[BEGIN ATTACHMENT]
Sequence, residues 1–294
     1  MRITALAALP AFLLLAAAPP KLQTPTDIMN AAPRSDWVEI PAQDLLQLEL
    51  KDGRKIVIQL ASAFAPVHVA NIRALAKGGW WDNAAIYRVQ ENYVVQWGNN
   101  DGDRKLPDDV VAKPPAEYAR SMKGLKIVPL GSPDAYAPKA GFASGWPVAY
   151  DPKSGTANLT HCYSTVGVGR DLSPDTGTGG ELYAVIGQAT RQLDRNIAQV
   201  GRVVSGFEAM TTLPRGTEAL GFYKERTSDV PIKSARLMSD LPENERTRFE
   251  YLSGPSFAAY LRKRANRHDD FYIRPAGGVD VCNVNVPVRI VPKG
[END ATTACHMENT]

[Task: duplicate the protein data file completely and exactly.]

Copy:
Sequence, residues 1–294
     1  MRITALAALP AFLLLAAAPP KLQTPTDIMN AAPRSDWVEI PAQDLLQLEL
    51  KDGRKIVIQL ASAFAPVHVA NIRALAKGGW WDNAAIYRVQ ENYVVQWGNN
   101  DGDRKLPDDV VAKPPAEYAR SMKGLKIVPL GSPDAYAPKA GFASGWPVAY
   151  DPKSGTANLT HCYSTVGVGR DLSPDTGTGG ELYAVIGQAT RQLDRNIAQV
   201  GRVVSGFEAM TTLPRGTEAL GFYKERTSDV PIKSARLMSD LPENERTRFE
   251  YLSGPSFAAY LRKRANRHDD FYIRPAGGVD VCNVNVPVRI VPKG